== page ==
Discrimination of the real diarrheagenic clones of diffusely adherent Escherichia coli
What is it about?
Escherichia coli is an ordinary member of the normal colon flora. However, particular clones can cause diarrheal diseases: the diarrheagenic E. coli (DEC). Diffusely adherent E. coli (DAEC) can bind to epithelial cells and represent a putative sixth DEC class. Their role in diarrheal disease, however, has been controversial, because the organisms can be detected not only among diarrheal patients but healthy people. We want to solve the epidemiological discrepancies.
Why is it important?
There have been no criteria to determine the diarrheagenicity of DAEC. If the bacteria were isolated from outbreak patients, it should be easy to state that the bacteria was implicated as the etiological agent. However, when we found the organisms from a sporadic diarrheal patient, it is very difficult for the clinicians to judge whether the bacteria were causative agents. We found that only motile DAEC could induce severe secretion of proinflammatory cytokine IL-8 from the infected epithelial cells. In addition to the colonization factor, afimbrial adhesive sheaths (Afa), we expect the motility could be a marker to discriminate diarrheagenic DAEC clones among numerous non-pathogenic DAEC organisms.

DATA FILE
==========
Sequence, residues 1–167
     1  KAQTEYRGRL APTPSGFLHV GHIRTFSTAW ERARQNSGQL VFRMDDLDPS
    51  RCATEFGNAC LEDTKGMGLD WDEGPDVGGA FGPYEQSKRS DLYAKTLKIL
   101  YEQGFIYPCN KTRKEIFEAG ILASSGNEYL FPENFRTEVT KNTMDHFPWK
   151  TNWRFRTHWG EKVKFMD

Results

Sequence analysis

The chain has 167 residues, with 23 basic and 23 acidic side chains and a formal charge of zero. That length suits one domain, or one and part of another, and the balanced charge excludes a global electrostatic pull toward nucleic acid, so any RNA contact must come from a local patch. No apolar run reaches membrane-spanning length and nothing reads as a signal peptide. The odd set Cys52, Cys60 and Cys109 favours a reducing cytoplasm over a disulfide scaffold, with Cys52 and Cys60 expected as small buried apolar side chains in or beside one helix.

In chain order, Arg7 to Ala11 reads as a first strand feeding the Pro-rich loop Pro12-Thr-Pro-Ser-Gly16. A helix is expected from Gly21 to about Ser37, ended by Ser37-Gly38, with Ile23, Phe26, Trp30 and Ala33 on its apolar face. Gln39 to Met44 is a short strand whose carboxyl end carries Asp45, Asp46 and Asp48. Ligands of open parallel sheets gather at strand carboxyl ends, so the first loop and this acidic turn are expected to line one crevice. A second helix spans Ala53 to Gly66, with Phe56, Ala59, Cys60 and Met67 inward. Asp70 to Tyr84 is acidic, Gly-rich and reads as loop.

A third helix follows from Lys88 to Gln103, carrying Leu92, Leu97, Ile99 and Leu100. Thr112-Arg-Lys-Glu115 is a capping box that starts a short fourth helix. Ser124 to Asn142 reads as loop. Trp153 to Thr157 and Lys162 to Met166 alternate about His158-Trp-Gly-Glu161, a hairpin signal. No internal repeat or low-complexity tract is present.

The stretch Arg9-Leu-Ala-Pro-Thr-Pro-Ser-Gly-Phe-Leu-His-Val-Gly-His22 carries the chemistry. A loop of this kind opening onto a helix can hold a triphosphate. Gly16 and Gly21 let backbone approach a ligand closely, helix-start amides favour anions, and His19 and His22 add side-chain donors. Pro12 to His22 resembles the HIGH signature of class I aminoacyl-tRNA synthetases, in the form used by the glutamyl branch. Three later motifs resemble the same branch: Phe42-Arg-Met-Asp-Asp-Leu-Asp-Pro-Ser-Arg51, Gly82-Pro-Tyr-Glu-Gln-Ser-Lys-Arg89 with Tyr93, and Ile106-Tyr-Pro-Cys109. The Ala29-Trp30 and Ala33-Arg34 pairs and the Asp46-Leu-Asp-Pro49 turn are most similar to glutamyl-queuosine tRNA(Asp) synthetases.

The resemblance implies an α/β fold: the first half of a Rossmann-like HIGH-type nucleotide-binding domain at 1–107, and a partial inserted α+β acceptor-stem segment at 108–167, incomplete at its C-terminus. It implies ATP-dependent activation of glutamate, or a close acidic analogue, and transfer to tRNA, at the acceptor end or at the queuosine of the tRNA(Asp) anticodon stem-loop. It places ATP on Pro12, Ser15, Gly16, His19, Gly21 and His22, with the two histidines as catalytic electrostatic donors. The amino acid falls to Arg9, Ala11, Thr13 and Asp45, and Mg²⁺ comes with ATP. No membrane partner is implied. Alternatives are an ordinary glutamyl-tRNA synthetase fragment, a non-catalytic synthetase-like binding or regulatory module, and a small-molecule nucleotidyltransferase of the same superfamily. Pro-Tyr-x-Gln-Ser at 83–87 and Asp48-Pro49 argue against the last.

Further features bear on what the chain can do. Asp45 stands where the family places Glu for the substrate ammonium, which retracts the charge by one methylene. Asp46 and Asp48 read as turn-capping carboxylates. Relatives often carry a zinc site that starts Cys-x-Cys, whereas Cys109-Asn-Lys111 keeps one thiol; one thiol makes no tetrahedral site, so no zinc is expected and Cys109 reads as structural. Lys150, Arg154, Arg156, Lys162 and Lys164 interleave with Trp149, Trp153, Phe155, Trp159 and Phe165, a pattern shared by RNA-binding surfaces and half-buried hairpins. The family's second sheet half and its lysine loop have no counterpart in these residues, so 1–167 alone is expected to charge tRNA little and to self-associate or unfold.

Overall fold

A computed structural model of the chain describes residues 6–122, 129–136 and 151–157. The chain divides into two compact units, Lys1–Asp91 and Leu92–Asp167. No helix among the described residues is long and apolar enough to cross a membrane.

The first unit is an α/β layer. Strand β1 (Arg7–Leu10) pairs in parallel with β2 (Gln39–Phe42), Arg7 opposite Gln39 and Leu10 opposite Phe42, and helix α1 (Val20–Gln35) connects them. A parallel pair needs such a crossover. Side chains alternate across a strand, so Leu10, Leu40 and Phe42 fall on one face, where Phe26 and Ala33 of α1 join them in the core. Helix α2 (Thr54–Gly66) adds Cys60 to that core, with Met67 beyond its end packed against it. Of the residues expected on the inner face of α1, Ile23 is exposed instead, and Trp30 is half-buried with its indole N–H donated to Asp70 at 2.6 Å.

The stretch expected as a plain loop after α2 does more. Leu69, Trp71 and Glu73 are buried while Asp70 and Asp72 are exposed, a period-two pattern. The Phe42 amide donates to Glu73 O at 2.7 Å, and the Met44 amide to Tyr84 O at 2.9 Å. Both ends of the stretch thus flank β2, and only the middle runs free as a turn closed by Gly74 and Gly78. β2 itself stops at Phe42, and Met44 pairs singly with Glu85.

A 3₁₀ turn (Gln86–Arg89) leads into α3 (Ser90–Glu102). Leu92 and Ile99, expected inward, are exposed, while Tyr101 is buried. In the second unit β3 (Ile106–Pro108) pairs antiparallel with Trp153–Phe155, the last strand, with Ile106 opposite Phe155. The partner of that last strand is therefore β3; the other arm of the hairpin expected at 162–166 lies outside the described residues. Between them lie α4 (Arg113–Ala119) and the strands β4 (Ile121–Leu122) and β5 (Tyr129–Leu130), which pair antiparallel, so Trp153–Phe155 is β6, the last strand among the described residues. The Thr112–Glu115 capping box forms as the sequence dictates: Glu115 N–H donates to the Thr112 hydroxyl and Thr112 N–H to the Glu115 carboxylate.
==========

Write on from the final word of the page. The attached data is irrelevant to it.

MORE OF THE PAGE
The following have contributed to this page: Professor Yoshikazu Nishikawa
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